BTW, can you report also exact values of dataset points? There are only 8 ones, it should be easy to post.

If dimension count is too large, you can send data file to sergey.bochkanov at alglib dot net


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 Post subject: Re: High-dimensional QP problem yields unreliable results
PostPosted: Thu Mar 15, 2018 11:38 am 
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Joined: Thu Jan 25, 2018 7:38 am
Posts: 11
Hi,

I found a mathematical bug in my implementation.

Now, I get exact 1/-1 <W.Ti> - b values for the support vectors for the 8-D problem...
But for a 600-D+ problem - not...

I will increase dimensionality and see for which N things go wrong.

Thanks for your help & patience.

Zev


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 Post subject: Re: High-dimensional QP problem yields unreliable results
PostPosted: Thu Mar 15, 2018 12:23 pm 
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Joined: Fri May 07, 2010 7:06 am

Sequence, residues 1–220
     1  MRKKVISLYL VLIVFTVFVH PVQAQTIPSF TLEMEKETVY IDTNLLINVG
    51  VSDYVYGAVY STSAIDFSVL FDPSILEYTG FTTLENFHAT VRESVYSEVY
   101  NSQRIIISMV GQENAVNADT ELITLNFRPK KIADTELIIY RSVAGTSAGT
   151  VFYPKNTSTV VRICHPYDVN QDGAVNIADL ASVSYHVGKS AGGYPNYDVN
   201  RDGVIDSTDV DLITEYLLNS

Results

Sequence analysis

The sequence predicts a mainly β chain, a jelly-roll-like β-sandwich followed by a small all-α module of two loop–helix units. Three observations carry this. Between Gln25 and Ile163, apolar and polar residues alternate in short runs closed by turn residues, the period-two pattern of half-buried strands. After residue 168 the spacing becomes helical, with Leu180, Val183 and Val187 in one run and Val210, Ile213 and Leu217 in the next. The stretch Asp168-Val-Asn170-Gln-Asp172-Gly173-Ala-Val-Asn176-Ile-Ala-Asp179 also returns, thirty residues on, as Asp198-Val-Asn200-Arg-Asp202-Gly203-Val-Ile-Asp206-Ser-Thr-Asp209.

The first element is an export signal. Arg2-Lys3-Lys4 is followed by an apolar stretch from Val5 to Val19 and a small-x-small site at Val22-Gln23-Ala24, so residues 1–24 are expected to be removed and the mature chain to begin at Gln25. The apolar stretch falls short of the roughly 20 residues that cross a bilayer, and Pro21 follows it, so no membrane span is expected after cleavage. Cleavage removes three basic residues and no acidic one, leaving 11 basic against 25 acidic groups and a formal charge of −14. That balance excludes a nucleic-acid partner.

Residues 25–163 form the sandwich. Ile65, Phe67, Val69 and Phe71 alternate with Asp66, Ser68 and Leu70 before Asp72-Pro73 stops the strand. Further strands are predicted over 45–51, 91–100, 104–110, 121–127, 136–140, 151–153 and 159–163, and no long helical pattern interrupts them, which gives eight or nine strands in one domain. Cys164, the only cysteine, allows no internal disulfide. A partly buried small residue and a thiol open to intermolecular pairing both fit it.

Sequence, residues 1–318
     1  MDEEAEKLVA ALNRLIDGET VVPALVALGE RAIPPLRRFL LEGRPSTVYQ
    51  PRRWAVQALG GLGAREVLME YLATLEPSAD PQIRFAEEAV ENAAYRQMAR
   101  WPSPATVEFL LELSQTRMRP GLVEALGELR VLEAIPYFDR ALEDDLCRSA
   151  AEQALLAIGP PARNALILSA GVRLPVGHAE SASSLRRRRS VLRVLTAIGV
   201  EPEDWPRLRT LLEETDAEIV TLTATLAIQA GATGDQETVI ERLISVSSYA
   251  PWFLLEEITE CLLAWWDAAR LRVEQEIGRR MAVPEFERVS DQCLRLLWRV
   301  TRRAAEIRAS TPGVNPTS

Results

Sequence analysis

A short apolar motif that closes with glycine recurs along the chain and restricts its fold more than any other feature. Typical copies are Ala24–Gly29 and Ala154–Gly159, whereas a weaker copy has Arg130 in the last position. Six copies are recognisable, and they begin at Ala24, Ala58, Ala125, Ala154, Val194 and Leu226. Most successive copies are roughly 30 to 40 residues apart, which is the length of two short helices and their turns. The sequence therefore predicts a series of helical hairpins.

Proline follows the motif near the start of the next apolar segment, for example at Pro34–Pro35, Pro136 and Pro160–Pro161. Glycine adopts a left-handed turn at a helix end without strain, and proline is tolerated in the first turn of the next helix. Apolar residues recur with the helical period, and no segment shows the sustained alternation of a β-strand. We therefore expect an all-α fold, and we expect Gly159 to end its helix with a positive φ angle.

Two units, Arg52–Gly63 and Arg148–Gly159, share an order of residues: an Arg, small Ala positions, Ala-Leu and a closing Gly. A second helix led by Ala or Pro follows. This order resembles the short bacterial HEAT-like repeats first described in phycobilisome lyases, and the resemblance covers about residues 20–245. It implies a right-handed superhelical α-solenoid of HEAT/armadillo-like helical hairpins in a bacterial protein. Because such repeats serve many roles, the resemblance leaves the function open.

Posts: 835
Hi!

I noticed that you specified non-negativity constraints as general linear ones, with minqpsetlc() call. Thus, you have N+1 general linear constraint. However, it is suboptimal from both performance and precision points of view. Box constraints are handled in a special way, much faster and precisely than general linear ones.

I recommend you to split your constraint into box constrained part, set by minqpsetbc() call, and general linear one - just one linear constraint set with minqpsetlc() function. You will get much better performance and precision.

Another suggestion is to set non-zero lambda coefficient for the SVM problem.


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 Post subject: Re: High-dimensional QP problem yields unreliable results
PostPosted: Thu Mar 15, 2018 1:03 pm 
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Joined: Thu Jan 25, 2018 7:38 am
Posts: 11
Hi,

Thanks for the suggestions.
- How can I use box constraints for the N "Xi >= 0"? I'll have to guess what upper boundaries to specify...
- I'm not familiar with the "non-zero lambda coefficient" - I'll look into it...

BTW, with my current formulation, the <W.Ti> - b holds with great precision for the support vectors up to N=150; for N=186 I get the expected +1/-1 only with a precision of 2 decimal places - and thereafter things diverge...

Zev


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 Post subject: Re: High-dimensional QP problem yields unreliable results
PostPosted: Fri Mar 16, 2018 2:37 pm 
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Joined: Fri May 07, 2010 7:06 am
Posts: 835
You can specify +INF as upper bound, ALGLIB will correctly handle signed infinities in the boundary values. Or just 1.0e20, if you want so.